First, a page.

Countries at the Crossroads



Countries at the Crossroads 2005

2005 Scores

Accountability and Public Voice
(0 = WORST, 7 = BEST)


Civil Liberties
(0 = WORST, 7 = BEST)


Rule of Law
(0 = WORST, 7 = BEST)


Anti-Corruption and Transparency
(0 = WORST, 7 = BEST)


On June 10, 2000, Hafiz al-'Asad, the president of the Syrian Arab Republic since an intra-Ba'ath party coup in November 1970, died after a long illness. The next day his eldest surviving son, Bashar al-'Asad, was unanimously chosen by the ruling Ba'ath party as the only nominee for president. The parliament quickly amended Article 83 of the Syrian constitution to decrease the minimum age for the president of the republic from 40 to 34, Bashar's age at the time. On June 24, he was elected secretary-general of the Ba'th, in effect the head of the party, at the Ninth Regional Congress meeting, the first such gathering of the Ba'th party to be held in 15 years. The meeting had already been scheduled prior to Hafiz al-'Asad's death; in the aftermath, however, the meeting clearly gained increased importance by providing a timely imprimatur for Bashar. Three days later the Syrian parliament voted "yes" to the nomination, and in a nationwide referendum on July 11, Bashar received nearly all of the votes in support of his presidency. Bashar al-'Asad officially took the constitutional oath of office and delivered his inaugural speech on July 17, 2000.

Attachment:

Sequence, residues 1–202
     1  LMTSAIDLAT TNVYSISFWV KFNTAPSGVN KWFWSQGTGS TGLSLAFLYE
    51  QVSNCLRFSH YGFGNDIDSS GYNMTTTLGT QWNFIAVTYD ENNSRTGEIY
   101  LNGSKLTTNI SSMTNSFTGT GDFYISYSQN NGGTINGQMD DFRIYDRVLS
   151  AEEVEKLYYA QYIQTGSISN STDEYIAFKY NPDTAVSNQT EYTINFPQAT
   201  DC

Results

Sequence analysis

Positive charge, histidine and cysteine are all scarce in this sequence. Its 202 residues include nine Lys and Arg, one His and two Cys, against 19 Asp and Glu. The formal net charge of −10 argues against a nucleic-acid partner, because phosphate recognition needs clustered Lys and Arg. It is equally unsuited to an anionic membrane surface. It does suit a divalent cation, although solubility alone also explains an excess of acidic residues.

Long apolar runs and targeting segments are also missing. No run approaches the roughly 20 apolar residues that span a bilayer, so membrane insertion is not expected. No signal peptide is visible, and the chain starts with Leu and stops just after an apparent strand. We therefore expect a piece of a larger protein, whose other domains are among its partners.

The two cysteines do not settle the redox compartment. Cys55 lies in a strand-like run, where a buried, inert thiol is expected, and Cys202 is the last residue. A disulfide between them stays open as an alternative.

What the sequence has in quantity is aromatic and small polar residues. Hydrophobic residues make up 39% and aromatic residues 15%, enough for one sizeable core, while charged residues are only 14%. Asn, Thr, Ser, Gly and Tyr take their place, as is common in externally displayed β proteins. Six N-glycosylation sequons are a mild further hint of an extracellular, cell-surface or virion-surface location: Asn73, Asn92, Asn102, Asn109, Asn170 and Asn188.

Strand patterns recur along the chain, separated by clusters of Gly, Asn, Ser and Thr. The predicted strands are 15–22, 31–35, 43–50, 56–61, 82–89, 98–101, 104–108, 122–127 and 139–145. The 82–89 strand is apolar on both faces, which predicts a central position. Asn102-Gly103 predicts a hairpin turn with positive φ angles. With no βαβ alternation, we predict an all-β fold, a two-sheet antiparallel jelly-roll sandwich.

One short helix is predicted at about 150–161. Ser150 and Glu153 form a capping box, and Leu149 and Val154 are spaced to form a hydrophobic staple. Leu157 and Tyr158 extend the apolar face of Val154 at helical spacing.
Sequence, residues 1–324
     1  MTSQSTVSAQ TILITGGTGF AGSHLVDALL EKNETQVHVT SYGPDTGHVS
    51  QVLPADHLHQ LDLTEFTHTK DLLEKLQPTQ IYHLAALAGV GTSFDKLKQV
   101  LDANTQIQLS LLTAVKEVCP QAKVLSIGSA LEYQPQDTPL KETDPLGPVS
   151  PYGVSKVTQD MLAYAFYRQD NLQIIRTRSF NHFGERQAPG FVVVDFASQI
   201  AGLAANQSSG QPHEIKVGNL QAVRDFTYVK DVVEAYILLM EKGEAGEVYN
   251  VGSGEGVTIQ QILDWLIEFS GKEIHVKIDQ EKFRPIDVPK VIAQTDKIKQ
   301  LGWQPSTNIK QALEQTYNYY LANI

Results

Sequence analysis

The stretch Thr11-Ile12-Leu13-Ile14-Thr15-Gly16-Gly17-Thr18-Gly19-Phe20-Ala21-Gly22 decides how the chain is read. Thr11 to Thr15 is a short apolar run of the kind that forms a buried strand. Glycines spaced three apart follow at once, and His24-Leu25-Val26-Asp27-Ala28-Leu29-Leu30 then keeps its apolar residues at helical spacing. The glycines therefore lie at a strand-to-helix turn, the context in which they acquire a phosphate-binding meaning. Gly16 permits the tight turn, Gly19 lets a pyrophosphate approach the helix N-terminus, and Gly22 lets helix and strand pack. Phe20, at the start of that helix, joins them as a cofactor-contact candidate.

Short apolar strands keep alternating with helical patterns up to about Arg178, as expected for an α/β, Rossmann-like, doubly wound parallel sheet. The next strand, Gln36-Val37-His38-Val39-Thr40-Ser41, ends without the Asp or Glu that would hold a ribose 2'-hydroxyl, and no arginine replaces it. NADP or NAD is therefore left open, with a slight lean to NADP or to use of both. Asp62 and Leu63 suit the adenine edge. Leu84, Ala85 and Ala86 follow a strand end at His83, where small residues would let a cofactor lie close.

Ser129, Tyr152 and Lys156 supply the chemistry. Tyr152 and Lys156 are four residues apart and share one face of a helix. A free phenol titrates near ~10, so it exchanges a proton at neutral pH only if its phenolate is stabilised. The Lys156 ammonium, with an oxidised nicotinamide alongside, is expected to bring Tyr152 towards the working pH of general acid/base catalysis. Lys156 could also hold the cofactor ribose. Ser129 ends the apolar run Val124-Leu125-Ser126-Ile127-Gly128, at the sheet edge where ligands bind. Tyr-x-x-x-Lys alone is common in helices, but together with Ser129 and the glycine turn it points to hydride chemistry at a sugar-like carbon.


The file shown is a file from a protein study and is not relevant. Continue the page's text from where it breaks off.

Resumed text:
Bashar al-'Asad has been called the reluctant president, someone who was untested, inexperienced, and maybe even ill prepared to lead the country in what is a very difficult and often dangerous domestic and regional environment. Bashar is a licensed ophthalmologist who had been engaged in advanced studies at the Western Eye Hospital in London before he returned to Syria in January 1994, soon after his elder brother, Basil al-'Asad, was killed in a car accident. Throughout the 1990s Hafiz al-'Asad was reported to have been in ill health, and Basil was commonly thought to have been the anointed successor, as his official responsibilities and profile had increased in the years before his death. Subsequently, Bashar assumed most of Basil's official positions and rose through the ranks in the military; again, it was putatively assumed that Bashar was being groomed to succeed his father. It seemed to be a race against time to build up Bashar's credentials and support base within Syria to the point where he could successfully and smoothly succeed his father when the moment came.